However, if you live in an area where the winters get very cold, bamboo will go into dormancy and cease growth until the weather warms up again. Some cultivars of bamboo are very cold hardy and will survive the winter, while others may be more fragile and die off when the temperature drops.
Does Planted Bamboo Grow Faster Than Potted Bamboo?
As long as you have the proper soil conditions for bamboo growth, planted bamboo tends to grow faster than any counterpart living in a pot. Most likely, potted bamboo plants are kept inside where they are exposed to artificial or filtered sunlight which is not as optimal for growth as full sun.
Additionally, their roots can only spread out so far within the pot so they are bound by the confine of the pot when it comes to determining their growing abilities. On the other hand, bamboo planted in the soil has access to unlimited full sunlight and can spread its root virtually without end into the ground.
If you compare the growth of a potted bamboo to a planted bamboo, you will find that the planted bamboo tends to grow faster, healthier, and more much vibrant than the one confined to a pot.
How Long Does It Take for Bamboo to Grow Twenty Feet Tall?
Depending on the species of bamboo in question, it could take less than a week for bamboo to reach twenty feet or it could take several years. Most bamboo grows an average of three to five feet per year so the typical time frame of a twenty foot tall plant would be between four and seven years.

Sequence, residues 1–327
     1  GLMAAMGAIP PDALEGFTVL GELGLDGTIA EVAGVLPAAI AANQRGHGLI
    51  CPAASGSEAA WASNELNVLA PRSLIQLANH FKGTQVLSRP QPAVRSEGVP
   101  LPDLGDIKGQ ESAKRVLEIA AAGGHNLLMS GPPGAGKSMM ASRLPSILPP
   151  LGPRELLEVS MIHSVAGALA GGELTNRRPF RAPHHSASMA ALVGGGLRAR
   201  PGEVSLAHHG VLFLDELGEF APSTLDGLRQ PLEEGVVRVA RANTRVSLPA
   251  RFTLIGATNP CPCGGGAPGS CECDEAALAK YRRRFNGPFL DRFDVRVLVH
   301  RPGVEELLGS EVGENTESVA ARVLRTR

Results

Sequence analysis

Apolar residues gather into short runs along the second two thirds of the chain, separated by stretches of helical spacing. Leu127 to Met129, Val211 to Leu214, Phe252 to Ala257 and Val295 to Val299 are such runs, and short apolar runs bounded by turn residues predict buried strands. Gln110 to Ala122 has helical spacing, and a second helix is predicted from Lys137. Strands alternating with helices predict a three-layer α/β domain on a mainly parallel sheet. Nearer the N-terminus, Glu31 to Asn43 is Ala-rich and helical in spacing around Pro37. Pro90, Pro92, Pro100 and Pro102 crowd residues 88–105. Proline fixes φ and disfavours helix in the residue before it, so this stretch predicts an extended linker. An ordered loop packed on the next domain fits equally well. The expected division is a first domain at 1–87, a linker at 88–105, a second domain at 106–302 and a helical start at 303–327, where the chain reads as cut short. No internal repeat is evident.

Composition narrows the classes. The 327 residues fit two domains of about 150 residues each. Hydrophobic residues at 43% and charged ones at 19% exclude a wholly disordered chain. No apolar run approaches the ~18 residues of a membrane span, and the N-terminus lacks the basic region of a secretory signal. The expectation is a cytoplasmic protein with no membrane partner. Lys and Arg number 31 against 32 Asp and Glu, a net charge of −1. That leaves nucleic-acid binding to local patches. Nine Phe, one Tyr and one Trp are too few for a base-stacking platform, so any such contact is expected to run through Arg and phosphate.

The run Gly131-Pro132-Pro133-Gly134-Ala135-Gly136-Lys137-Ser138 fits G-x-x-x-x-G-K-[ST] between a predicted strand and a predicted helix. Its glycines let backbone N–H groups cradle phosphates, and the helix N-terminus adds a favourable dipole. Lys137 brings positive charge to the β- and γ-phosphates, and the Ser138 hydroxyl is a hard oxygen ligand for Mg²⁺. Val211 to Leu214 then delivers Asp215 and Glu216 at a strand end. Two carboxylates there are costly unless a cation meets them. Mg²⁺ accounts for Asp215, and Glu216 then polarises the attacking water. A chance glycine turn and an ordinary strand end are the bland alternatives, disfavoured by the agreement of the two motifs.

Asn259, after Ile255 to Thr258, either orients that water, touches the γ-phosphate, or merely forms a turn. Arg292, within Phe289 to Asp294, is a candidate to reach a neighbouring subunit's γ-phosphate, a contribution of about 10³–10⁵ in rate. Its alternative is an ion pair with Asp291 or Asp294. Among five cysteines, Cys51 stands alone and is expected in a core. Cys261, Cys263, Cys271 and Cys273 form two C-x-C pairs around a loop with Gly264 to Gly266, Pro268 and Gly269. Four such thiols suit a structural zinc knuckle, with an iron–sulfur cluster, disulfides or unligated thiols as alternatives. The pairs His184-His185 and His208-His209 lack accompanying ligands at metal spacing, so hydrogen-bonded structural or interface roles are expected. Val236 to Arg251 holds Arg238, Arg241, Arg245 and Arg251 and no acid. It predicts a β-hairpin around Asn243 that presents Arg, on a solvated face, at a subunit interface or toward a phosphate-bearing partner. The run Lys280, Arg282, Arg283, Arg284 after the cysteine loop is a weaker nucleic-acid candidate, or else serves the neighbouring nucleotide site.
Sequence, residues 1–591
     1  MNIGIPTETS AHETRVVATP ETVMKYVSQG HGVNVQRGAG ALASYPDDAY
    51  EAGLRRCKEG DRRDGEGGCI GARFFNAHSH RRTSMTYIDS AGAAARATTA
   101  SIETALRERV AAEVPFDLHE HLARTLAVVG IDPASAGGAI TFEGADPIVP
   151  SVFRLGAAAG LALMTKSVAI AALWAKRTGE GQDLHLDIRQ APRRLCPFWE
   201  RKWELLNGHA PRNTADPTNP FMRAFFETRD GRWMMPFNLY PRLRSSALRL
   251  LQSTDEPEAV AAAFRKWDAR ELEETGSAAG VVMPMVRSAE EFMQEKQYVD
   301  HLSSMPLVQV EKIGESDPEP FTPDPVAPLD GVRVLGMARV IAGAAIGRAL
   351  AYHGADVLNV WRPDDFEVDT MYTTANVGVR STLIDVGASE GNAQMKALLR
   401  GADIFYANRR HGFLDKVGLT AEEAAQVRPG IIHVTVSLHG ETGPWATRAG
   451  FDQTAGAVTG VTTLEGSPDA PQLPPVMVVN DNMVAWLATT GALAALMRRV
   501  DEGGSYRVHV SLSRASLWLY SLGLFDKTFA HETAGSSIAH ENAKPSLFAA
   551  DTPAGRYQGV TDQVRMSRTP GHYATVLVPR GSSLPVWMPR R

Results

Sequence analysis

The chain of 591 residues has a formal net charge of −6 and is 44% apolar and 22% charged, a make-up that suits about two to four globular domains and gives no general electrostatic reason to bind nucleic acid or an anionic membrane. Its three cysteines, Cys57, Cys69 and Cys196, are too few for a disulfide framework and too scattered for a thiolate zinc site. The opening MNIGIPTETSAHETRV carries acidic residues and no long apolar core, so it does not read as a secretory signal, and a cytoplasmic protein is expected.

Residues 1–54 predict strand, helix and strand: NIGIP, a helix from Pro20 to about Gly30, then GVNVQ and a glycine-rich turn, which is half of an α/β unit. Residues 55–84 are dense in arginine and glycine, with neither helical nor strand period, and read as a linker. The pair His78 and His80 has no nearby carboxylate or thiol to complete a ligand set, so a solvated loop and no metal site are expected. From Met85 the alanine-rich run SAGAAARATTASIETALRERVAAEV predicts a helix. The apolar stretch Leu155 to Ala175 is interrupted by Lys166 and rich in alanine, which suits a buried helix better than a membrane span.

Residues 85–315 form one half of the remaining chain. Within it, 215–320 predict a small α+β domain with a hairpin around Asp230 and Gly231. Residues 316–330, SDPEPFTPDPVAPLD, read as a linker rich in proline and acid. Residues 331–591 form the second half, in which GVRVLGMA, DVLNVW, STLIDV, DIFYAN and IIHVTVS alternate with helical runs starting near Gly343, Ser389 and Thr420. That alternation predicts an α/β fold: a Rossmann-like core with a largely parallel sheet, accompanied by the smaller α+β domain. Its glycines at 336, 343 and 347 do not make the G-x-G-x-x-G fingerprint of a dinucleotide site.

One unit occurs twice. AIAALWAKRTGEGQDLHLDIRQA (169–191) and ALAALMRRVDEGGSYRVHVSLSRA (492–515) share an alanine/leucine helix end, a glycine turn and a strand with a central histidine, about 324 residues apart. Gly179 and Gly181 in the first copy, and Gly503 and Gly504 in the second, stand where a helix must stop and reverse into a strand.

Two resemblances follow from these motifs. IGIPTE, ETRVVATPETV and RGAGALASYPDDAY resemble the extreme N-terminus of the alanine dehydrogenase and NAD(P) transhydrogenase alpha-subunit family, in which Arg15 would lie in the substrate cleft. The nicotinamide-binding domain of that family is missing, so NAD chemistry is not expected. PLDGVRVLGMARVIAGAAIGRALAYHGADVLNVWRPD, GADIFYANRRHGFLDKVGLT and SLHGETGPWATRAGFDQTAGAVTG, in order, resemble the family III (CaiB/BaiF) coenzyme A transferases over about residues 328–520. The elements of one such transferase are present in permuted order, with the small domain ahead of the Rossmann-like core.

However, some species, such as the Moso bamboo variety, grow at a rate of one to three feet per day so these bamboo plants can reach twenty feet within seven to twenty days. The larger varieties are usually harvested for lumber so cutting down a crop of twenty foot stalks every month is an ideal harvest rate for economic gain.
Bamboo is one of the fastest growing plants on the planet. With over 1700 species grown all around the world, the average annual growth rate of bamboo is three to five feet. Some bamboo species can grow even faster than that at three feet per day – that’s one hundred feet tall within a month!
If you are looking to increase the growth of your bamboo, consider planting it in the ground to allow for maximum sunlight and root growth. Fertilizing your bamboo will also help it to grow faster since it will readily take up nutrients provided by the food. If your bamboo growth slows in the winter, don’t worry – it will pick back up again when the weather warms up.
Hi, I’m John Stephens, chief editor and writer for Totalgardener.com. I’ve been gardening and raising animals for over 15 years starting with a small backyard plot in Northern Virginia where I grew corn, potatoes, squash, and using a high mulch technique called the Ruth Stout Method. I also raised ducks and small mammals for meat and eggs in a movable pen similar to the ones used by Joel Salatin. I later moved to Colorado where I experimented with growing greens using aquaponics inside. I eventually added a microgreens setup and home sprouting operation. I’m excited to share everything I’ve learned plus more from the other local gardening and animal raising experts I know.